Additional items commonly found in holiday meals that you should avoid giving to your dog:

  • Candy
  • Grapes or raisins
  • Stone fruit
  • Onions and garlic
  • Wild mushrooms
  • Chocolate
  • Alcohol
  • Salty foods
  • Sugary desserts
  • Butter, fats, and oils
  • Any item containing xylitol

Holiday Table Scraps for Dogs: Safe to Give

While many holiday foods are unhealthy for your four-legged friend, you can still find many tasty and healthy treats among traditional holiday fare. You can offer the following table scraps for dogs with confidence:


Turkey meat is a terrific treat for your dog, if you avoid the skin, bones, and fat. The meat is an excellent source of lean protein if it’s baked and not fried or brined. The classic white meat or dark conundrum stands for your furry family members, too. While dark meat contains more fat than white, it also has more vitamins and minerals.


Fresh, dried, and even jellied cranberries are packed with antioxidants and support urinary tract health for humans and dogs alike. With care and in moderation, cranberries can be healthy for dogs. However, raw cranberries can be difficult for some dogs to digest. And if you’re offering prepared cranberry jelly, check the ingredients for the artificial sweetener xylitol, which is highly toxic to dogs.


Raw or baked pumpkin makes a healthy and nutritious snack for dogs. A rich source of vitamins and dietary fiber, pumpkin can help settle your dog’s stomach and benefit their digestive tract. However, don’t feed them pumpkin pie or pie filling. The added cream, sugar, and spices can make your dog sick. Canned pumpkin works fine to give to your pup.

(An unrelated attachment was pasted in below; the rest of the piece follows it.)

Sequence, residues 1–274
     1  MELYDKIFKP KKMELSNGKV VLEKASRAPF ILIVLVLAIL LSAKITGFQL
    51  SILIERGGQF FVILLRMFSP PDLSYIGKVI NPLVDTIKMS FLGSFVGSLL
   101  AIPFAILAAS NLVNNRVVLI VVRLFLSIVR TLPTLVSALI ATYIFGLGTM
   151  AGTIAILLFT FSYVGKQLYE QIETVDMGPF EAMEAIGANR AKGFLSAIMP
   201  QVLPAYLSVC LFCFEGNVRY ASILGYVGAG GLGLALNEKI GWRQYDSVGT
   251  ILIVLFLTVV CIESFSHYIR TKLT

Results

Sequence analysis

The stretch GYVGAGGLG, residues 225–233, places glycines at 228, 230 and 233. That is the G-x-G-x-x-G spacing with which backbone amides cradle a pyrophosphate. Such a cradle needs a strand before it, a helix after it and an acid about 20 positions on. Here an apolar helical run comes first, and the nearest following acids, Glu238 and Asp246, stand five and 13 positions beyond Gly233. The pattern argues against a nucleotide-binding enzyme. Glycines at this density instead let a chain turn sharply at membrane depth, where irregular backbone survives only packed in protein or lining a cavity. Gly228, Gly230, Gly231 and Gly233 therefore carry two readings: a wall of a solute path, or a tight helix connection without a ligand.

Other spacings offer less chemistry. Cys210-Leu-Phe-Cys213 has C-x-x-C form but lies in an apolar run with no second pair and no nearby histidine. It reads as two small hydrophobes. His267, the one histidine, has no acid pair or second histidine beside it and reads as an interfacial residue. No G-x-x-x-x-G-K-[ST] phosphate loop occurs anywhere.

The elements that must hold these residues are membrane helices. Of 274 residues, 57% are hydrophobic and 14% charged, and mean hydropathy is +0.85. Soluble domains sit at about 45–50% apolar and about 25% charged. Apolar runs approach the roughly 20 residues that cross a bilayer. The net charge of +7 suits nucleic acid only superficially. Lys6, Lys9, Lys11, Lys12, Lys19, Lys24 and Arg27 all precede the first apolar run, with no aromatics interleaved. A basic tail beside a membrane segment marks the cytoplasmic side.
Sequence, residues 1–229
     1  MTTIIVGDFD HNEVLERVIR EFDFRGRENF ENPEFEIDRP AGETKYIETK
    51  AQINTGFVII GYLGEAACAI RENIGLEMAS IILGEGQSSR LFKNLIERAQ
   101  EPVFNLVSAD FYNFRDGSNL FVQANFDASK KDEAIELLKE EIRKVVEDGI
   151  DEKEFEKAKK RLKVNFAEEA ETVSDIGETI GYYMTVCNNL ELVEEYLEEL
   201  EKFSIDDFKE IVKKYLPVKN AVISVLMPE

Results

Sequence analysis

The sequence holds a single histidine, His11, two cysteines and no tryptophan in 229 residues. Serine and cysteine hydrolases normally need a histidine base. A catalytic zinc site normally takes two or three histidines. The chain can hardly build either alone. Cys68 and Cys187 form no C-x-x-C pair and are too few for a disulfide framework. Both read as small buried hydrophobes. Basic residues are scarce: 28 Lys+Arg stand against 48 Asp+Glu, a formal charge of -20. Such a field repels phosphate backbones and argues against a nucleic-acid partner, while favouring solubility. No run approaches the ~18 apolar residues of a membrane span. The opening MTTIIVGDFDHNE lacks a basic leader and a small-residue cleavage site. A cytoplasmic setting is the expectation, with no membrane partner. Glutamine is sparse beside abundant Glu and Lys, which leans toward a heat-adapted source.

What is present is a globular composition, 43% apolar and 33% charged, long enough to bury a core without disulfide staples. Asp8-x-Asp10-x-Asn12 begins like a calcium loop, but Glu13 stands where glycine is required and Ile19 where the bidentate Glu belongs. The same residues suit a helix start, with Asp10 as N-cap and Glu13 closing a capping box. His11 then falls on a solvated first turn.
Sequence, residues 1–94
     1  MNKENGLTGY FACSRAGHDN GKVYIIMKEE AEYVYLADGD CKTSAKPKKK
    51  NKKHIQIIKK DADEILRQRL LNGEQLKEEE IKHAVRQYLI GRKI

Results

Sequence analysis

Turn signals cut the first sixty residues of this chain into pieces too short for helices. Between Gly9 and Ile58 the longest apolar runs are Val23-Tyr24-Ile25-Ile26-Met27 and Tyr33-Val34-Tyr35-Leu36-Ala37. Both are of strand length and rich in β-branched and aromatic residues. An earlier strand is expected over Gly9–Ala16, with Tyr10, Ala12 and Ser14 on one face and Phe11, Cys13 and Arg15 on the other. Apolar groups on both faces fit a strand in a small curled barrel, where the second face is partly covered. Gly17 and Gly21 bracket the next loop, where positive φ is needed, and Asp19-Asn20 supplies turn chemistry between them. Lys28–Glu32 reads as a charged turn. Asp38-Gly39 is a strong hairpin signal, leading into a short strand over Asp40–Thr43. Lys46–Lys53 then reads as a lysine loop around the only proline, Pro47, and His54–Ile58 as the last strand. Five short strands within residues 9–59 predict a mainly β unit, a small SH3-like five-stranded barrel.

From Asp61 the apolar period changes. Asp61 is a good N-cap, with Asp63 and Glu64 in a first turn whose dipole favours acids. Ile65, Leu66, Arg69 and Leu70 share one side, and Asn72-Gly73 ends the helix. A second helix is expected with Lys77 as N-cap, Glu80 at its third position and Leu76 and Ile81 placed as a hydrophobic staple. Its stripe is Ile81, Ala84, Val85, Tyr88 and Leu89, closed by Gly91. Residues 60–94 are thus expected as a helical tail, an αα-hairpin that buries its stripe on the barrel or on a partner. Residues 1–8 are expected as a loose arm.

Green Beans

While your dog will be better off if you skip the green bean casserole, the beans are an excellent snack for dogs. Low in calories and high in iron, fiber, and essential vitamins, fresh, canned, and frozen green beans are perfectly safe as long as they’re not slathered in butter, salt, or cream.

Sweet Potatoes

Sweet potatoes (minus the marshmallows) make for safe and healthy scraps for dogs. Loaded with vitamins and fiber, many dogs love the flavor of sweet potatoes. Cube up the root and offer them to Fido raw, baked, steamed, mashed, boiled, or broiled.


Fresh, raw carrots make a healthy, crunchy treat for your dog. But those with sensitive stomachs may prefer cooked carrots. They pack a punch of vitamins and fiber that make the snack as nutritious as it is tasty. If they don’t contain a lot of added sugar or salt, canned and frozen carrots are a great choice, too.

Even when you stick to safe and healthy table scraps for dogs, it may not go well. Like people, different dogs have different food sensitivities and preferences. If you ever believe your dog has eaten something dangerous — don’t hesitate to call your veterinarian. Prompt action can save your pet from pain and illness. And pet insurance from a trusted Wawanesa partner can keep your vet bills from becoming a nasty surprise. Please call 888-740-9975 for a quote.